2. In effect, the size of a woman's breast before augmentation largely limits the size of the implants that can be used and still achieve attractive, nearly ripple free augmentations. So, while the flat chested A to a DD augmentation may be physically possible, it is far from advisable. Just read the repeated "I did not know" questions on this web site.

If you want to keep your implants, you MAY benefit from fat grafting or placement of a Strattice ADM sheet along the sides to thicken the soft tissue coverage over the implants. Another alternative MAY be to go smaller and perform a breast lift, if needed.

Good Luck.

Dr. Peter Aldea

Peter A. Aldea, MD
Memphis Plastic Surgeon
5.0 out of 5 stars 57 reviews

Rippling breast implants

+1

Rippling is an inherent property of implants. An implant may look very good when lying flat on a table. However, when upright the upper portion of the implant collapses (wrinkles or ripples) as the implant contents fall to the bottom of the implant & can't support the upper part of the implant. If this is placed on top of the muscle in a thin individual with small breasts the collapsed upper part of the implant can be very unsightly. The collapsed edges appear as rippling when viewed from outside the body. The rippling becomes more apparent after the postoperative swelling resolves & the pocket around the implant shrinks to meet the dimensions of the implant.
When placed submuscularly the rippling is more apparent to the side of the chest wall, where there is no muscle, & when leaning forward because this positions the implant closer to the surface. The greater the ratio of breast tissue to implant volume the better the end result and the less likely rippling will be visible.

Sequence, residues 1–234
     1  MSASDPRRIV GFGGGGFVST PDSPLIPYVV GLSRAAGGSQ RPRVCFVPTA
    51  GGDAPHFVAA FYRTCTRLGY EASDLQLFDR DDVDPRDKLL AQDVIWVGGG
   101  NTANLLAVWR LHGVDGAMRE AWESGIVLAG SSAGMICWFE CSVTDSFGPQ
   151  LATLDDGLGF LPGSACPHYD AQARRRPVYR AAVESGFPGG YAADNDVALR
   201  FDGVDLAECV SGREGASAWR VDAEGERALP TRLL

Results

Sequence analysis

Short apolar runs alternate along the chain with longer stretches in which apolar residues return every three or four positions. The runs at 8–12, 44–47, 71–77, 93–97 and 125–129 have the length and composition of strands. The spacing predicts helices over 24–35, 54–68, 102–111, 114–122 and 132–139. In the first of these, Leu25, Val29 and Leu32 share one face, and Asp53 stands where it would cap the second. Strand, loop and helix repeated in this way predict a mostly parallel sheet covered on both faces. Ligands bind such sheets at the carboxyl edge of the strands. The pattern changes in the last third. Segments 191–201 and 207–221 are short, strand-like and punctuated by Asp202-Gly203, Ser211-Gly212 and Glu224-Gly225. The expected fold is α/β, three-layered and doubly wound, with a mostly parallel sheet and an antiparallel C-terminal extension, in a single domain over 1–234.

It sounds like you may need to go smaller with respect to implant size, move the implants from above to below the muscle and possibly use acellular dermis grafts to cover the rippling. There is now way to know if capsulectomy with implant replacement under the muscle will relieve the pain until after it is performed.

Aaron Stone, MD
Los Angeles Plastic Surgeon

Breast Implant Pain and Perceptiblity

+1

Permanent sensation change is a risk after breast surgery. Temporary sensation changes are common, but usually improve by one year. It is normal to feel your implant. Patients who are thinner will feel the device more. Rippling is a function of surrounding tissue thinness. Larger implants can exert pressure on surrounding tissues and cause thinning over time. Capsular contractures (scar tissue) can squeeze an implant and make it feel firm. In more moderate or severe cases, it can distort a natural breast contour and cause pain. I would see your plastic surgeon and express your concerns so that you can be reassured or provided with a treatment plan to improve your situation.

Hayley Brown, MD
Las Vegas Plastic Surgeon
5.0 out of 5 stars 20 reviews

These answers are for educational purposes and should not be relied upon as a substitute for medical advice you may receive from your physician. If you have a medical emergency, please call 911. These answers do not constitute or initiate a patient/doctor relationship.